Animal Camp: Day 2

Woo! Day 2 of Animal Camp was a huge success!

We began the day with a flag ceremony. Ask your camper to recite the 4-H Pledge if they can remember it!

We took care of the farm animals again today. The Yellow Peppers fed the baby goats, cattle and rabbit. The Green Peppers milked Isabella, the Red Peppers took care of the ducks and goose, and the Orange Peppers took care of the chickens.


Yellow Peppers feeding the goat kids.


The goat kids are always hungry!


The Orange Peppers taking care of the chickens.


We made Minestrone Soup with Ms. Pam in Garden Kitchen this morning. Many of the campers loved the smell and taste!


Green Peppers taste their Minestrone Soup.


The Minestrone gets the Green Peppers’ stamp of approval!


We spent time near the garden building bird nests. A nest is a crucial part of a bird’s life as it protects eggs and young birds from predators and the elements. Birds build many different types of nest depending on their habitat and the breed of bird. We used only natural materials to build our nests because that’s what a bird in the wild would use. Ask your camper what kind of nest they made and what materials they used!


Orange Peppers using various materials to build their nests.


Two Orange Peppers use mud and clay for their nest.


Two Orange Peppers build a nest with straw and sand.


More mud nests.


Such concentration!


A Red Pepper shows her finished nest.


Another finished nest.

We talked about sheep and wool this morning as well. We took dirty wool and washed it so that we could rinse out most of the lanolin, which keeps the wool from soaking up water and keeps the sheep warm and dry. Then we carded, spun, and dyed the wool. We tied the wool into bracelets, and they turned out beautifully! Ask your camper about the process for making their wool bracelet!


Red Peppers talk about sheep and their wool.


Red Peppers wash their wool pieces before carding.


A Green Pepper squeezes very hard to get all of the water and soap out of his wool.

Each camper receives a T-shirt as part of their camp costs, and we tie-dyed our shirts this afternoon. The finished shirts will be sent home with campers on Thursday so that they can wear it to camp on Friday!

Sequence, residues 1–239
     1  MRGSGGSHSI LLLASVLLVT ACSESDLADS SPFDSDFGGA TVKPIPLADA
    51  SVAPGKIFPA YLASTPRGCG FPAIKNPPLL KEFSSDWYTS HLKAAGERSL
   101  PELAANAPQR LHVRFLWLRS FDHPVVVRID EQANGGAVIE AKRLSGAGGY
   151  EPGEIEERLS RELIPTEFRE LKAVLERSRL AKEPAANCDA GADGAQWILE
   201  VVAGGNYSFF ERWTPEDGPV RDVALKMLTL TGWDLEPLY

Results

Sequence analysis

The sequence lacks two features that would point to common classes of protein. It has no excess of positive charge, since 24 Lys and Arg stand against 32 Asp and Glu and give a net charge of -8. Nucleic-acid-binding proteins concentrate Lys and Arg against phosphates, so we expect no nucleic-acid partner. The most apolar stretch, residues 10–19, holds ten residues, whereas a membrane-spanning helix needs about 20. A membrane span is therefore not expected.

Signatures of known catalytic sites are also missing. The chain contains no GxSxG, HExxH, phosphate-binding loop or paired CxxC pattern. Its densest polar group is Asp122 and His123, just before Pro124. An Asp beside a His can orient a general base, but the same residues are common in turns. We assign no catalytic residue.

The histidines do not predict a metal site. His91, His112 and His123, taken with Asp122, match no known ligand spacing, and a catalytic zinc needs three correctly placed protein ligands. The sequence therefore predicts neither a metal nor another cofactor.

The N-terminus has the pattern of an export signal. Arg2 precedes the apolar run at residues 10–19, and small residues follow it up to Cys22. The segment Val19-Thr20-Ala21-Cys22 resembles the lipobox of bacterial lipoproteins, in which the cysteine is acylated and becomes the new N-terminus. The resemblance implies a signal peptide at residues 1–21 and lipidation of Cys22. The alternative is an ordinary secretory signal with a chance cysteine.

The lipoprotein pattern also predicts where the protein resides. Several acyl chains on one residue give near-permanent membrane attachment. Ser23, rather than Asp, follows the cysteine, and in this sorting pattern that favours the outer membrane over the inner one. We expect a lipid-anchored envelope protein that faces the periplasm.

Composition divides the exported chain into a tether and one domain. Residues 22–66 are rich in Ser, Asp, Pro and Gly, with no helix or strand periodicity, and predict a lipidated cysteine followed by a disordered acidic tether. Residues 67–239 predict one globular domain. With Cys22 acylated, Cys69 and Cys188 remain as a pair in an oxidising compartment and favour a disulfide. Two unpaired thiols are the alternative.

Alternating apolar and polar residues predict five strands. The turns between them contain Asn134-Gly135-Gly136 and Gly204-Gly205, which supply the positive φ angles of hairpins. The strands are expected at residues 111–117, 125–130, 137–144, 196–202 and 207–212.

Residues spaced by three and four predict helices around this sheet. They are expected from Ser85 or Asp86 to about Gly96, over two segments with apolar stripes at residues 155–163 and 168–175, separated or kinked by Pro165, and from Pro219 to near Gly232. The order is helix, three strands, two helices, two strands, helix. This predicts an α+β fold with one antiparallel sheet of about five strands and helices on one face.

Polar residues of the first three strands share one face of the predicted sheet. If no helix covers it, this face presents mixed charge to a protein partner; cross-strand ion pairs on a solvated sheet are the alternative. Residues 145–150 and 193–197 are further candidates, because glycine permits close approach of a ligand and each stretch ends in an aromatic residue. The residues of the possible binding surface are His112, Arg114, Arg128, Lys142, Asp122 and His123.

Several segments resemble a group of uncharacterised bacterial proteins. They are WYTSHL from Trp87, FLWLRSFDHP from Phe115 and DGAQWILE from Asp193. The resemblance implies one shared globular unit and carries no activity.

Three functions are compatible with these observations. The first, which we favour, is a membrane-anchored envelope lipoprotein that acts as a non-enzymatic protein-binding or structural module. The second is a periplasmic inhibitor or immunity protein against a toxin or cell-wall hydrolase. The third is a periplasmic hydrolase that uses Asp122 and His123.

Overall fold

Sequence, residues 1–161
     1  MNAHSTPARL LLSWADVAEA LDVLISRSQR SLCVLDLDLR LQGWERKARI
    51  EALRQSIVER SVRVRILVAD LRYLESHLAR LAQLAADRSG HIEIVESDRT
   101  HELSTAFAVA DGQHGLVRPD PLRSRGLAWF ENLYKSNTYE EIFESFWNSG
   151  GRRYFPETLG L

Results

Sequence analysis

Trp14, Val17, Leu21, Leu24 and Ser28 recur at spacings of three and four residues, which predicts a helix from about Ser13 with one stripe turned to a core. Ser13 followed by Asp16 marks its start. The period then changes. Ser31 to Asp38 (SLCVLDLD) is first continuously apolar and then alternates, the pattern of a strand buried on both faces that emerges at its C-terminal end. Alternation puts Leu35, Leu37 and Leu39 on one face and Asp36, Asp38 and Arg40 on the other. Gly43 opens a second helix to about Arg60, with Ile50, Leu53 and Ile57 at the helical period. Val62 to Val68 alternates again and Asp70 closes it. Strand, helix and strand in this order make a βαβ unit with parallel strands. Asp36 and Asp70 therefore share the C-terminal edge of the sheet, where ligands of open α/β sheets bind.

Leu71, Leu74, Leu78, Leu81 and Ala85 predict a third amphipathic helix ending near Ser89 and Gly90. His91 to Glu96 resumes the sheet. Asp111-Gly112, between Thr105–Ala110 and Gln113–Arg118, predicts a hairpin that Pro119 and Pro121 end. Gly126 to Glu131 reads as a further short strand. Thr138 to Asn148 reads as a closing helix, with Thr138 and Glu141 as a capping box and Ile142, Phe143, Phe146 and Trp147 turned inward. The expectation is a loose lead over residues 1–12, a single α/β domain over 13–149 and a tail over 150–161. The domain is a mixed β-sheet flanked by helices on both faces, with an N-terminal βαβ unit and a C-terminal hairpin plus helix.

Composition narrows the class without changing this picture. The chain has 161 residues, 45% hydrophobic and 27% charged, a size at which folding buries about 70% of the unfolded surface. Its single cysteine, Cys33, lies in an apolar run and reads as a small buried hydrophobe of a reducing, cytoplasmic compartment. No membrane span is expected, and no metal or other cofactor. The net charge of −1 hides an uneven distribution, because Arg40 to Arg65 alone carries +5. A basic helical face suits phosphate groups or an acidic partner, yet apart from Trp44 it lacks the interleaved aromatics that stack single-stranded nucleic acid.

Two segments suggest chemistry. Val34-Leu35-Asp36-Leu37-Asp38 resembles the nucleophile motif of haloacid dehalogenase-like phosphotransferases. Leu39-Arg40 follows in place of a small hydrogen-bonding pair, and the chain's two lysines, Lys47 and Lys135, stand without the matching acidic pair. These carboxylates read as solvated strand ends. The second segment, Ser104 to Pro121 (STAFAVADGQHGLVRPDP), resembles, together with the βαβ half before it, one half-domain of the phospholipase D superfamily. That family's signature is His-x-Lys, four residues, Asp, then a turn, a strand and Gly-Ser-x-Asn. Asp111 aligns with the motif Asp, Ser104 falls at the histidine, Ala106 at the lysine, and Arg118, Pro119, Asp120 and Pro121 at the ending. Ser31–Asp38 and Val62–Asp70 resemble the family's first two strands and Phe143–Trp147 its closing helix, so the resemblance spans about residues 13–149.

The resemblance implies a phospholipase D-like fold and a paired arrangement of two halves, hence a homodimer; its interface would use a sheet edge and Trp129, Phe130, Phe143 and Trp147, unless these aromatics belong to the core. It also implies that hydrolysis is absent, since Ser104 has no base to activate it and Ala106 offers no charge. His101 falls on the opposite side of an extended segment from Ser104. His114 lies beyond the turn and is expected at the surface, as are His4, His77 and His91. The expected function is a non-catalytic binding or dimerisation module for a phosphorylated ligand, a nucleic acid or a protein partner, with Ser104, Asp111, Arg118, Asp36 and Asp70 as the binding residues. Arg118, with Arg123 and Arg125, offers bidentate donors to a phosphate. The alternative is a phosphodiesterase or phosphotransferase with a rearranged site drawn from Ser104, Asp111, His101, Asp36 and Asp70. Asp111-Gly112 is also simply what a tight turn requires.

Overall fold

Orange Peppers tie-dye their shirts.

Ms. Pam made Broccoli Soup with the campers, and they were involved in every step of the process. It looked delicious! The recipe can be found at the end of this post.


Yellow Peppers chop broccoli for their soup.


One of the most important things that farmers need t do when they are raising livestock is to keep track of their animals. There are several methods that farmers use to identify their animals: ear tags, tattoos, branding, collars, paint, etc. Today, we did an activity to simulate the chaos and confusion that can occur when individuals are not identified. Each camper took an apple and drew a picture of it. Then we returned the apples and had to pick ours out of a crowd. This step was fairly easy, as is identifying animals when there are only a few or they stay on one farm. Next, we traded drawings and had to match each apple to the correct drawing. This became very difficult because different identifying factors (such as a shape or color) have different meanings for different people. To avoid the same confusion when it comes to livestock, farmers use universal identifying methods to keep track of their animals.

Orange Peppers try to sort out their mixed up apples!

Orange Peppers try to sort out their mixed up apples!

We continued to work on our STEM Creature Creations project. We focused on habitats and body coverings (fur, feathers, etc.) today, and campers read about existing animals to find inspiration for their own creature. We can’t wait to see what they ultimately come up with! Ask your camper what kind of features their creature has so far!


An Orange Pepper works with PlayDough to create his creature.


Red Peppers sketch their creatures in preparation for sculpting later this week.


Red Peppers draw inspiration from various existing animals to create their fantastical creature.

We’re thrilled with the great attitudes and cooperation that our campers are exhibiting, and we can’t wait for Day 3! We have many more animals to learn about this week!

Minestrone Soup


2 Tbs. Olive Oil
1 carrot (cut small so as to shorten cooking time)
1 small onion
2-3 cloves garlic, minced
32 ounces vegetable broth
1 Tbs. Italian seasoning or own blend
1 chopped chunky small zucchini
1 chopped chunky small yellow squash
1 can cannellini beans
1 28 ounce can tomatoes
1/3 cup cooked ditalini pasta
2 cups Swiss chard
Salt and pepper to taste
2 tsp. lemon juice


  1. Heat oil over medium heat. Sauté carrot, onion and garlic until carrots are soft about five minutes
  2. In a saucepan add broth and sauted vegetables, tomatoes and beans. Bring to slow boil; add zucchini and squash and Swiss Chard.
  3. Cook for 5 to 7 minutes more and then add pasta and lemon juice.

Broccoli Soup


4 tablespoons butter, room temperature
1 1/2 pounds fresh broccoli
1 large onion, chopped
1 carrot, chopped
Salt and freshly ground black pepper
3 tablespoons all-purpose flour
4 cups low-sodium chicken broth
1/2 cup cream


  1. Melt 4 tablespoons butter in heavy medium pot over medium-high heat. Add broccoli, onion, carrot, salt and pepper and saute until onion is translucent, about 6 minutes.
  2. Add the flour and cook for 1 minute, until the flour reaches a blonde color. Add stock and bring to boil.
  3. Simmer uncovered until broccoli is tender, about 15 minutes. Pour in cream.
  4. With an immersion blender, puree the soup. Add salt and pepper, to taste, and then replace the lid back on the pot.
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